CKHS Cancer Services and Drexel Hill Little League Host “Pink in the Park”
Young girls pose for a photo holding their CKHS
Cancer Services rally towels and pretzels.
DREXEL HILL - Delaware County Memorial Hospital and Crozer-Keystone Health System Cancer Services recently partnered with the Drexel Hill Little League for “Pink in the Park,” an event aimed at raising awareness of breast health and breast cancer. The event was held at Dermond Field in Drexel Hill.
It was a rather cold and cloudy Saturday morning but that didn’t stop the hundreds of little leaguers from picking up their gloves. Throughout the countless baseball and softball fields, little leaguers were scattered about wearing traces of pink. Pink hats, bracelets, sweatbands, hair ties, you name it. There was even a field that had pink bases in honor of the partnership for “Pink in the Park.”
Coaches, parents and children pose for a picture in front of the CKHS
Cancer Services information table, showing off their free pink merchandise.
Pink in the Park is a program offered by CKHS Cancer Services. For the past two years, CKHS staff has partnered with area sporting leagues - such as soccer, football, and baseball – to provide breast cancer awareness in the community where they live and play.
“We attend a day when there are several teams playing and set up an informational table providing materials on breast cancer prevention,” says Debbie Simon, director of Healthline Services at DCMH. We also include information on lung, colorectal and other types of cancers. “Our staff is available to answer questions and talk to parents about the importance of screening and early detection. There are prizes, pretzels and a lot of materials for them to take home. It is a fun, interactive way to get this important information out to the community,” says Simon.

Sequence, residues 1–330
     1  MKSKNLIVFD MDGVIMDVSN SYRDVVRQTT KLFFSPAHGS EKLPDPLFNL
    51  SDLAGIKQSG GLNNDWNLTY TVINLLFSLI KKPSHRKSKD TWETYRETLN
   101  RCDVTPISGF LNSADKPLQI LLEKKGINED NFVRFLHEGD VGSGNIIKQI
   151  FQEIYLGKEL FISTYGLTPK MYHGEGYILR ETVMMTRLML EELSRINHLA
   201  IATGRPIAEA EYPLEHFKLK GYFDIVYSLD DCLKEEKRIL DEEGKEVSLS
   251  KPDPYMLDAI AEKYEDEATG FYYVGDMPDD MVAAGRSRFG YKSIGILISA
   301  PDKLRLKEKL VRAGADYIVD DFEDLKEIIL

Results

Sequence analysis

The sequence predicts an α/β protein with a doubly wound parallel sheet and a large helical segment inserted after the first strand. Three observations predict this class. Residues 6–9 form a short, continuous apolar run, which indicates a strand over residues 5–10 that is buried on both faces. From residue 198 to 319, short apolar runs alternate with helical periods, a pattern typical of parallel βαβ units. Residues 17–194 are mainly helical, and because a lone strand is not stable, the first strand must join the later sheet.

Outside the snack bar, an information table was set up where DCMH Cancer Services provided tokens of appreciation to over 500 athletes. The players wore a pink wristband for awareness and received a pink or white backpack as a way of acknowledging their participation and support of breast cancer awareness.
“We saw over 200 people at our table that day,” says Simon. “Our table provided information on breast health awareness. We also set aside an evening at DCMH so that the women of their organization could come for mammograms, osteoporosis screenings and leg vein screenings.
“We put together this health screening evening at DCMH for mothers, families and friends of DHLL a few weeks after the event,” continues Simon. “The evening was a success. Everyone who registered had attended and appreciated all of our efforts. We had twelve women come in for mammograms; some of whom may have not gotten this important screening without being part of this program.” Several of these ladies received their first mammogram that evening.
“I am proud to represent CKHS and offer this program because I feel that if we reach only one person and have them come for a screening that may not have come without us being there, it is truly worth all of our efforts,” Simon concludes.
Moving into the fall, there are already six events planned that will continue the efforts to get the word out, namely, “The best form of protection is early detection.”
For more information on Crozer-Keystone Health System’s Cancer Services, visit http://www.crozerkeystone.org and click on the ‘Services’ tab.